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Harmful Incentives and their Elimination, Phase Out, or Reform

Technical Series No. 56

Introduction

Some measures, policies or practices induce behavior that is harmful for biodiversity, often as unanticipated side effects as policies are designed to attain other objectives. The Convention refers to harmful incentives or 'perverse' incentives. Such “policy failures” can include government subsidies or other measures which fail to take into account the existence of environmental externalities, as well as laws or customary practice governing resource use. In order to ensure the conservation of biodiversity and the sustainable use of its components, it is therefore important to identify policies and practices that generate harmful incentives and to consider their removal, phase out, or reform, for instance by mitigating their negative impacts through appropriate means.

Overview of CBD Activities

The Conference of the Parties (COP) recognized that perverse incentives harmful for biodiversity are frequently not cost-efficient and/or not effective in meeting social objectives while in some cases use scarce public funds, and urged Parties and other Governments to prioritize and significantly increase their efforts in actively identifying, eliminating, phasing out, or reforming, with a view to minimizing or avoiding negative impacts from, existing harmful incentives for sectors that can potentially affect biodiversity.

Aichi target three of the Strategic Plan for Biodiversity for the 2011-2020 period relates to incentives that are harmful for biodiversity:

Target 3: By 2020, at the latest, incentives, including subsidies, harmful to biodiversity are eliminated, phased out or reformed in order to minimize or avoid negative impacts, and positive incentives for the conservation and sustainable use of biodiversity are developed and applied, consistent and in harmony with the Convention and other relevant international obligations, taking into account national socio-economic conditions.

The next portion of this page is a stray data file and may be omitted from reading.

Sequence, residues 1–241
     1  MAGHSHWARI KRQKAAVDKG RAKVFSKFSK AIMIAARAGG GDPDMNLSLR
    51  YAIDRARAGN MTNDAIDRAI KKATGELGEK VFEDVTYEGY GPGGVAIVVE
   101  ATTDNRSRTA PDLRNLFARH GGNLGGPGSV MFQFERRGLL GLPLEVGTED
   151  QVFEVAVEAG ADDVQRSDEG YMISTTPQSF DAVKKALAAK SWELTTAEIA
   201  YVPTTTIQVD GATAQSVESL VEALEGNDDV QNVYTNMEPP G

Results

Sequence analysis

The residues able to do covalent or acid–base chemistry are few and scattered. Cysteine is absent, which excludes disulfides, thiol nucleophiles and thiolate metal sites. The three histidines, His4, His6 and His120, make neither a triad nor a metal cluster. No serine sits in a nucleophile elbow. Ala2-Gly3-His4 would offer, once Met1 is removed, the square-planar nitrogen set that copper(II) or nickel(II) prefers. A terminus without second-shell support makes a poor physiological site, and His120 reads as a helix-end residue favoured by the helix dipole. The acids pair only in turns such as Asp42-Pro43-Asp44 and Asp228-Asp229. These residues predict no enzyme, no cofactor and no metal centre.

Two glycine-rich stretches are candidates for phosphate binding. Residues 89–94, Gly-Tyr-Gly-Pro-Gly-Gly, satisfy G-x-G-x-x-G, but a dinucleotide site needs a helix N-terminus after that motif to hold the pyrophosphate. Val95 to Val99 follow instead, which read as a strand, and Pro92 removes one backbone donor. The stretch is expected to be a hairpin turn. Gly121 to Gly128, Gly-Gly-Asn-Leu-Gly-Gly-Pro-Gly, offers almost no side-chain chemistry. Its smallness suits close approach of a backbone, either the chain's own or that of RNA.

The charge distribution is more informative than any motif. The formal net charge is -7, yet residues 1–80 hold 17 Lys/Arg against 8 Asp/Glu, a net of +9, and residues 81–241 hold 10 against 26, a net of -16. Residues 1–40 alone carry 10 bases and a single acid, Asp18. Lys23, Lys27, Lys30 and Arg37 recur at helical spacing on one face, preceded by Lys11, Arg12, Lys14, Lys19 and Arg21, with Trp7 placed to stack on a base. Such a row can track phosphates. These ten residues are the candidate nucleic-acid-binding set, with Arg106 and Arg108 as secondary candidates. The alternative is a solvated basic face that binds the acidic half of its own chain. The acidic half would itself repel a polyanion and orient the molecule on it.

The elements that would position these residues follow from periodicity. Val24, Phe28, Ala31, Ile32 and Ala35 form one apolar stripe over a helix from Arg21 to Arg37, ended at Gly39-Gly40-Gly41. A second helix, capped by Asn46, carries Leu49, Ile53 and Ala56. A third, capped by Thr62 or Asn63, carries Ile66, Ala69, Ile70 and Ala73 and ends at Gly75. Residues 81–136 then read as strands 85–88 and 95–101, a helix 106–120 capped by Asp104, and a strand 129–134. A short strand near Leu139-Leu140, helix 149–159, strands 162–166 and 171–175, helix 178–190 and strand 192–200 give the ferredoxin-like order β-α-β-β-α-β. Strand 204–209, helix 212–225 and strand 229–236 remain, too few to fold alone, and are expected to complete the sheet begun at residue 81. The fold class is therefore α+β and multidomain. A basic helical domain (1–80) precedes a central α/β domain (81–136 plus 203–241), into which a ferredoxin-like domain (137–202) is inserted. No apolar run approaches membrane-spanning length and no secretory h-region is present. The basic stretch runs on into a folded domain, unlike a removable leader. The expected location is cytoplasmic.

The Conference of the Parties acknowledged that identifying, eliminating, phasing out, or reforming existing harmful incentives requires:
  • the conduct of careful analyses of available data and
  • enhanced transparency, through ongoing and transparent communication mechanisms on
    • the amounts and the distribution of perverse incentives provided, as well as of
    • the consequences of doing so, including for the livelihoods of indigenous and local communities.

CBD Technical Series no. 56 provides succinct lessons learned and good practices cases in identifying and removing or mitigating perverse incentive measures, based on the work of an international expert workshop which took place in Paris, France, in October 2009.

The twelfth meeting of the Conference of the Parties (COP12) adopted the milestones for Aichi Biodiversity Target 3, Decision XII/3; Annex I, Milestones for the full implementation of Aichi Biodiversity Target 3 and modalities for effective implementation of Aichi Biodiversity Target 3, as contained in document Modalities and Milestones for the Full Operationalization of Aichi Biodiversity Target 3, and Obstacles Encountered in Implementing Options Identified for Eliminating, Phasing Out or Reforming Incentives That Are Harmful for Biodiversity: UNEP/CBD/WGRI/5/4/Add.1 Pyeongchang Roadmap 2020 for implementation of the targets for resource mobilization to support the achievement of the Strategic Plan for Biodiversity 2011-2020 and the Aichi Biodiversity Targets.

  • United Nations
  • United Nations Environment Programme